Beanery Online Literary Magazine

January 22, 2008


—written by Beth Ann

On Christmas in 1999, my mother passed away. Sure, they left her on the support system until December 26 at about12:30pm…but she was gone on Christmas. I could feel it with my heart and with my spirit when she left this earth and then, that was it. Like a flick of light passing through me…or was it before me? Sort of like a door opening and a final wave good-bye. No, I am not new age…but I do believe that there is a spirit in each of us that must find a final resting place. It was her time to rest.

My mom was 73 when she passed and had done the best that she could with what she had been given. Or, more appropriately, made the best that she could from what she could make of what she had been given. She barely had a semester of high school but she was well read (on her own), did math in a split second and loved to write. She also had a knack for cooking. She could feed an entire family and half the neighborhood on a piece of chicken, a slice of bread, parsley and some kind of a noodles and sauce combination that she made from scratch. It might have been the same flour and water, but it never seemed like the same thing.

But she was more than that, she worked for RCA during WWII, used her math skills as a waitress, and in her later years was an in-home health care worker. She had lived through the Great Depression, wars, loss of a brother in his youth, loss of another in WWII, and had watched her own son go to war in Vietnam. It had seemed to me that she had lived a thousand lives, too many for me to even begin to understand.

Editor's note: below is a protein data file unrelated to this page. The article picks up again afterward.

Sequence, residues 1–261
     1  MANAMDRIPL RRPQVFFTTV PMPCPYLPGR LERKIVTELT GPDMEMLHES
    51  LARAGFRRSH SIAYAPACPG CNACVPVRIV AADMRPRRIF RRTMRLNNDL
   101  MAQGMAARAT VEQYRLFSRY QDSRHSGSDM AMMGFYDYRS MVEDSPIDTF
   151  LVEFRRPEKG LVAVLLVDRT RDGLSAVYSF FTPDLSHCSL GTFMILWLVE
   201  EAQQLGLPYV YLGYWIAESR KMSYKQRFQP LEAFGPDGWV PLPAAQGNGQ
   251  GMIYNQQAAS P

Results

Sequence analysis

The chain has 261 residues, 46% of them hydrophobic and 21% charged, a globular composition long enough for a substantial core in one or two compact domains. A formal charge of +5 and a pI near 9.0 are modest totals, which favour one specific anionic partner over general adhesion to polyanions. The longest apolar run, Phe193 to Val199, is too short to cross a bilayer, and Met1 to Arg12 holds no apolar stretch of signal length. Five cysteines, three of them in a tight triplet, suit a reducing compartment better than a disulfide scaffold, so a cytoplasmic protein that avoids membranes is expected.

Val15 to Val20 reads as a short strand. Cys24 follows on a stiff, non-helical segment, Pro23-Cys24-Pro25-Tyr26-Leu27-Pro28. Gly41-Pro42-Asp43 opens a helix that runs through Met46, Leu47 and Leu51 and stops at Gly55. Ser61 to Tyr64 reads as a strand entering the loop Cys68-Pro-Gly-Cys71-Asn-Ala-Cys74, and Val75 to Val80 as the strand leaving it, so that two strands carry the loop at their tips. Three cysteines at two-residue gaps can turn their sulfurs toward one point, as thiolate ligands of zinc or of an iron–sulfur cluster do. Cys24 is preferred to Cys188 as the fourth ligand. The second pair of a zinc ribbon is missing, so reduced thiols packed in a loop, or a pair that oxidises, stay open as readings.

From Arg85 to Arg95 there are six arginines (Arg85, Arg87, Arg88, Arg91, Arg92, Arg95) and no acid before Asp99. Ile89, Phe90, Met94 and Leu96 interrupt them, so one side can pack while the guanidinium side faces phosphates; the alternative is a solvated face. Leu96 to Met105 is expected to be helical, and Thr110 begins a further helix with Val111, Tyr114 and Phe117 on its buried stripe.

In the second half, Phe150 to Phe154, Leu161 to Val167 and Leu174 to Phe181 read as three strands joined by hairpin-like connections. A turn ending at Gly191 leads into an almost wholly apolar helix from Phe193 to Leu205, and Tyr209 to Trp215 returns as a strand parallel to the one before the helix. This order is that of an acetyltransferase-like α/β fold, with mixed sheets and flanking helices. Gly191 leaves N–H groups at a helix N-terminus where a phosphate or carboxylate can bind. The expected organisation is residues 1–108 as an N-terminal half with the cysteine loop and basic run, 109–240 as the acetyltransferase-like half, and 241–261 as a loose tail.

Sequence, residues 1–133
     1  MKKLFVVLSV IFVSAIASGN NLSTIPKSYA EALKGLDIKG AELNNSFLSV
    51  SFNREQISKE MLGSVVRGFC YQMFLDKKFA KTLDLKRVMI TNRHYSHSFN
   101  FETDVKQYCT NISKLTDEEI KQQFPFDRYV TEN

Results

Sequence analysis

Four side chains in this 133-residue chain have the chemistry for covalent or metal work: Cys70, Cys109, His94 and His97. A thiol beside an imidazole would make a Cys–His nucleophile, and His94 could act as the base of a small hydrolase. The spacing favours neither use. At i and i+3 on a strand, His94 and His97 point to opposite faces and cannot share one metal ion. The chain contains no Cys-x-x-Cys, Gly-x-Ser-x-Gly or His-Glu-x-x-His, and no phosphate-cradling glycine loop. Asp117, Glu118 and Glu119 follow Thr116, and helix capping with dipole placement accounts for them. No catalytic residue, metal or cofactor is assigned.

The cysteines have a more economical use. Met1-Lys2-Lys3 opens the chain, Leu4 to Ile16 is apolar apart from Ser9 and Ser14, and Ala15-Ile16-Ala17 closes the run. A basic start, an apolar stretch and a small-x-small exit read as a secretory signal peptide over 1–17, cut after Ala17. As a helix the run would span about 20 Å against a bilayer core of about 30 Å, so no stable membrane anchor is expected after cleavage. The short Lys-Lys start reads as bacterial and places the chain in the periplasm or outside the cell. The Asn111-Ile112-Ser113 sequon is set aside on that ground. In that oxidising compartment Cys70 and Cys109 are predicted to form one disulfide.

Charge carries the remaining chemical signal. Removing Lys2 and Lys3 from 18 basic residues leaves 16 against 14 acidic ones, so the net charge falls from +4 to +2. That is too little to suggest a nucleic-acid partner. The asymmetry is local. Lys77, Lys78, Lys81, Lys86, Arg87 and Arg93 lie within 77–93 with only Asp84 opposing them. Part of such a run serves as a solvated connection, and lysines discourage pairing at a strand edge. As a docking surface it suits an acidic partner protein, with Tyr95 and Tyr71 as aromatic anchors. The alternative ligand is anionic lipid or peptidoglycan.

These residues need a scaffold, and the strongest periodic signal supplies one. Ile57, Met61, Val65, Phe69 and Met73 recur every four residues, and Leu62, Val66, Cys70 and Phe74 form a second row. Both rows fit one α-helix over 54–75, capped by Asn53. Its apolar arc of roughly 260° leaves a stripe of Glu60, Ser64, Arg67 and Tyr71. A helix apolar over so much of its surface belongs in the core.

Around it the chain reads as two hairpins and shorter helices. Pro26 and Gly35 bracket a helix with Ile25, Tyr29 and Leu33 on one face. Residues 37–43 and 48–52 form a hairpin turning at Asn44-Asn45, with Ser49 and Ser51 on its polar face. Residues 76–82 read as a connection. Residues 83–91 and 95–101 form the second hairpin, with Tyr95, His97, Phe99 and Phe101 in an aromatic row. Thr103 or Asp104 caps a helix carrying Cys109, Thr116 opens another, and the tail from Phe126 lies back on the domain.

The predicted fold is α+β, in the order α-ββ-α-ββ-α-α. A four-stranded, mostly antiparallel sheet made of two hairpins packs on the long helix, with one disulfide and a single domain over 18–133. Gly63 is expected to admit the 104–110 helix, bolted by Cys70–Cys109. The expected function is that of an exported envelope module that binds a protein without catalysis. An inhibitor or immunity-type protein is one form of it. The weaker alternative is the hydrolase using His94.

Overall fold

It was also ironic for me. Mom had a flare for pomp! What a day to exit. On the day of her first stroke, she had been busily preparing for guests for the holidays. Hmm, I keep thinking of her in a gold lame’ jacket at my nephew’s wedding a few years before. She was one of the few women in the world who could pull off wearing the shiny gold material without looking like a NASA outcast. I still love that picture of her. It was uncanny. Even if you had doubts as to whether you would be caught dead in an outfit, it seemed to be ok for her to do it. That was her charm, that and the fact that she denied aging. No, she didn’t deny her age—on the contrary, it was a source of pride that she never betrayed the fact that she had fought through life. It just never showed her age. But it was even more than that.